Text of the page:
Posted October 11, 2011 by publisher in Cuba Politics.
Publisher: I always enjoy these “what to watch” articles by Jeff Franks of Reuters.
Cuba shut down its once-powerful sugar ministry and has begun a major reorganization of government as it moves ahead with reforms aimed at ensuring the survival of socialism once the current aging leaders are gone.
New regulations will allow Cubans to more freely buy and sell cars for the first time since the 1959 revolution, although some restrictions remain.
The health of Venezuelan President Hugo Chavez, Cuba’s top ally and economic partner, remains a worry as he battles an undisclosed type of cancer, for which he is being treated on the communist island.
A drilling rig contracted by Spanish company Repsol YPF is expected to arrive in Cuba in a few weeks to begin exploration for oil in the Caribbean country’s part of the Gulf of Mexico.
Cuba will replace its sugar ministry with a state holding company after years of declining sugar output that hit bottom in 2009 with the worst harvest in a century.
New energy and mining ministries will be created and other ministries eliminated in a broad reorganization to be completed by Dec. 31. Most state companies are controlled by ministries and lose money, but will be made independent in hopes of improving their performance.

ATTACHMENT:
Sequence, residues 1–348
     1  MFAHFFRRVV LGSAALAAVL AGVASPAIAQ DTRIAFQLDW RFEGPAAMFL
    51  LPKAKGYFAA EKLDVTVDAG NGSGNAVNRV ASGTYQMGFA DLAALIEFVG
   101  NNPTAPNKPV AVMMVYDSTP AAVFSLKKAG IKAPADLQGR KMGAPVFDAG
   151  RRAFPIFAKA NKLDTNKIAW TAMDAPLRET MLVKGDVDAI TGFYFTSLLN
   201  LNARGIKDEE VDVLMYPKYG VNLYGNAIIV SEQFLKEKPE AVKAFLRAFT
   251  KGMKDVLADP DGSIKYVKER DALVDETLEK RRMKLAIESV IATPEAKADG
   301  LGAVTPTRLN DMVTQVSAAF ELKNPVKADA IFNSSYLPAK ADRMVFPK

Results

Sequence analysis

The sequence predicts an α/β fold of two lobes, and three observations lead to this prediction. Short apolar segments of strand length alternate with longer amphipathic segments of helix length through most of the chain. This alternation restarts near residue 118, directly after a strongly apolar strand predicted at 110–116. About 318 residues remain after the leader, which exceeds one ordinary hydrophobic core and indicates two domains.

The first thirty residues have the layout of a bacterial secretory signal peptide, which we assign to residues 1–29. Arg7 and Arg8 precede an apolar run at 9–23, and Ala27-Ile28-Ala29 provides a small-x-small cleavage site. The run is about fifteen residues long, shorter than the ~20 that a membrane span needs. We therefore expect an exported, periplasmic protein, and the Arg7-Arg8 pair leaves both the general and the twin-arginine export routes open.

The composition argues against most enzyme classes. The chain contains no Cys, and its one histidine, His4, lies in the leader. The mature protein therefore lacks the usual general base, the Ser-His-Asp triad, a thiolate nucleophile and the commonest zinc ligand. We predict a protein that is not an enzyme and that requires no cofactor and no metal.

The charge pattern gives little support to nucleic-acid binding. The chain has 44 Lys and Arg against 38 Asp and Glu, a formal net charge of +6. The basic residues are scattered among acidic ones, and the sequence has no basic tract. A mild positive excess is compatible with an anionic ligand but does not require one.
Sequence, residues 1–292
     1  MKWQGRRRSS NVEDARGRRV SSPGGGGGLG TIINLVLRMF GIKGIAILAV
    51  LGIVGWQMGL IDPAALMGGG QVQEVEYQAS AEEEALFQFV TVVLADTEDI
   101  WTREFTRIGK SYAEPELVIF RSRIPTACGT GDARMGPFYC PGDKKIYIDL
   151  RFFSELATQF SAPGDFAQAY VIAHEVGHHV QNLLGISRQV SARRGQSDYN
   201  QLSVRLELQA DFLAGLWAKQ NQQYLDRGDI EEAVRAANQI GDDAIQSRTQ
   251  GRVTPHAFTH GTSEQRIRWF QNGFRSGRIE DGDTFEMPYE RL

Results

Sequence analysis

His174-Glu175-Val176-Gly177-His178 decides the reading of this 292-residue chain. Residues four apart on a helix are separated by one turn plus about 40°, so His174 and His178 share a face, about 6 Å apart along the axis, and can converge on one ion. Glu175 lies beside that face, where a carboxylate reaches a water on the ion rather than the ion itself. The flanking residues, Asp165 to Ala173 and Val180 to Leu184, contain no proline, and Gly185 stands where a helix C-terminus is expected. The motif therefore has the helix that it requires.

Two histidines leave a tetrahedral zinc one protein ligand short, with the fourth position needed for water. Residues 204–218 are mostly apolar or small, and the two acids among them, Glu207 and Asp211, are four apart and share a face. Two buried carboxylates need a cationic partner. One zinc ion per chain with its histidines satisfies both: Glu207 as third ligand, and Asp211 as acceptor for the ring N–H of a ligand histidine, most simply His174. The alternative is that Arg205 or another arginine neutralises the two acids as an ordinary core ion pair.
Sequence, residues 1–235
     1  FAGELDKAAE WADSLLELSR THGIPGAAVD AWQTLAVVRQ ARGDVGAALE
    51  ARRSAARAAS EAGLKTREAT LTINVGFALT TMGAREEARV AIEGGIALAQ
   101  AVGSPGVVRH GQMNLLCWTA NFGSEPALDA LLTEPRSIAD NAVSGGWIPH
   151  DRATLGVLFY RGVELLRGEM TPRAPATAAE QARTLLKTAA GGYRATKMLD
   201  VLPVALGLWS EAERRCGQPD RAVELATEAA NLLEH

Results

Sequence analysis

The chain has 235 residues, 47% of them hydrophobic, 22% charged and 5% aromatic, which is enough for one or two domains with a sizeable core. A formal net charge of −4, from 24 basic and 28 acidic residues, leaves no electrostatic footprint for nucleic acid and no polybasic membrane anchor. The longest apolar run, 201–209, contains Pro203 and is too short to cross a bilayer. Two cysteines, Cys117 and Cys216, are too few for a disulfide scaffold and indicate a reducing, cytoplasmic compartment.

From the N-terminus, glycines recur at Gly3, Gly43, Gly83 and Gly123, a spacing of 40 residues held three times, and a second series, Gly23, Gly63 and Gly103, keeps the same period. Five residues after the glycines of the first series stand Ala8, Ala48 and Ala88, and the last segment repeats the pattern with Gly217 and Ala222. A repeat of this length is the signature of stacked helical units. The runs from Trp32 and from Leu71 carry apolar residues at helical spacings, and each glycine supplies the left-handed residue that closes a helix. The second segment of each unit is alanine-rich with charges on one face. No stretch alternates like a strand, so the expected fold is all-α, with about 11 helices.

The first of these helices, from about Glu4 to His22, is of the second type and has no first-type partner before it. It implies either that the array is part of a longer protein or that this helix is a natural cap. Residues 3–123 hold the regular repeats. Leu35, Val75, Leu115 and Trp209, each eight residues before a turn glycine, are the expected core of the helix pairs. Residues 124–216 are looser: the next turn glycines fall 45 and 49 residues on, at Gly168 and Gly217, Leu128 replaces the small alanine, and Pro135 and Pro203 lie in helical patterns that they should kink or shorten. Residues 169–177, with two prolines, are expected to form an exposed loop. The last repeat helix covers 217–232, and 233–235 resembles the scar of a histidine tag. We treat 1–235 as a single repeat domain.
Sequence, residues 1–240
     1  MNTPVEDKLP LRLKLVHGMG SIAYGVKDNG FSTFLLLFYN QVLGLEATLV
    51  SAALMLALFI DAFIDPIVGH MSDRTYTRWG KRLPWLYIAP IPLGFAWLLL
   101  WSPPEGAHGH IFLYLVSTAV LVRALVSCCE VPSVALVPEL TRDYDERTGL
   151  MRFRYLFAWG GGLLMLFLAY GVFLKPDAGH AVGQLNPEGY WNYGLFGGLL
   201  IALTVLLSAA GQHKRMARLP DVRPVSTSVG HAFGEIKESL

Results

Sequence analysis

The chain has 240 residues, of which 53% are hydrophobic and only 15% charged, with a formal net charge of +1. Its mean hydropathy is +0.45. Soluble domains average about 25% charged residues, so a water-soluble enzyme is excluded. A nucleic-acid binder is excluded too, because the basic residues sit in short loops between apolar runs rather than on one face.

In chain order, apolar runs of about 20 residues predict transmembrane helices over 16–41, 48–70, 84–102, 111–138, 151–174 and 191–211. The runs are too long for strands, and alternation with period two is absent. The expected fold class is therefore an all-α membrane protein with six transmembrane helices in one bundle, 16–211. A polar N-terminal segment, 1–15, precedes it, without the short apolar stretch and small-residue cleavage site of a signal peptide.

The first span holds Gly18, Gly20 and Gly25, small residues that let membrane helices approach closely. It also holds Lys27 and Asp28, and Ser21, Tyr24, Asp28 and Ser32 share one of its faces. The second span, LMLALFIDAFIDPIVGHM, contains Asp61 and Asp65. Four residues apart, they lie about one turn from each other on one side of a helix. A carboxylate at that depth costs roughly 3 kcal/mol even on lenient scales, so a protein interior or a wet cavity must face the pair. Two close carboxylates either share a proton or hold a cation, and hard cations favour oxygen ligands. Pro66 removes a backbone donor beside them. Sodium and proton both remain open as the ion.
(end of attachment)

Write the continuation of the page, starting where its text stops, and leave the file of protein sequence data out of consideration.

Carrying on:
Cuban media reports say there are now 333,000 people working in the self-employed sector, the growth of which is being encouraged because the cash-strapped government wants to slash a million jobs from its payrolls. The goal is to have a third—up from 15 percent in 2010—of Cuba’s work force of 5.2 million working in the “non-state” sector by 2015.
Cuban media said many state-owned small service businesses will be leased to employees starting this month to run essentially as private businesses, an extension of an experiment begun last year with barber shops and beauty salons.
Still to be announced are reforms, promised by President Raul Castro, that will liberalize the sale of homes and loosen restrictive travel and immigration rules.
Castro is trying to raise agricultural output by handing out idle plots for planting and other measures. Food production is up this year, but still below 2005 levels and farmers are complaining that reforms are slow in coming.
Two Canadian trading companies are under investigation as part of Castro’s campaign to crack down on corruption that he says is a drag on the economy.
What to watch:
—The pace and final version of reforms.
—The numbers and performance of the newly self-employed.
Cuba still is recovering from a liquidity crisis that led to a default on payments and freezing of foreign business bank accounts. President Castro said the bank accounts issue will be resolved by year’s end, but many companies say they are still owed money.
The government has said tax payments from the self-employed have increased revenues, while its top hard currency earners—tourism and nickel exports—have improved.
Castro said Cuba’s economy should grow 2.9 percent this year, up from 2.1 percent in 2010, but warned that global economic problems could darken the picture.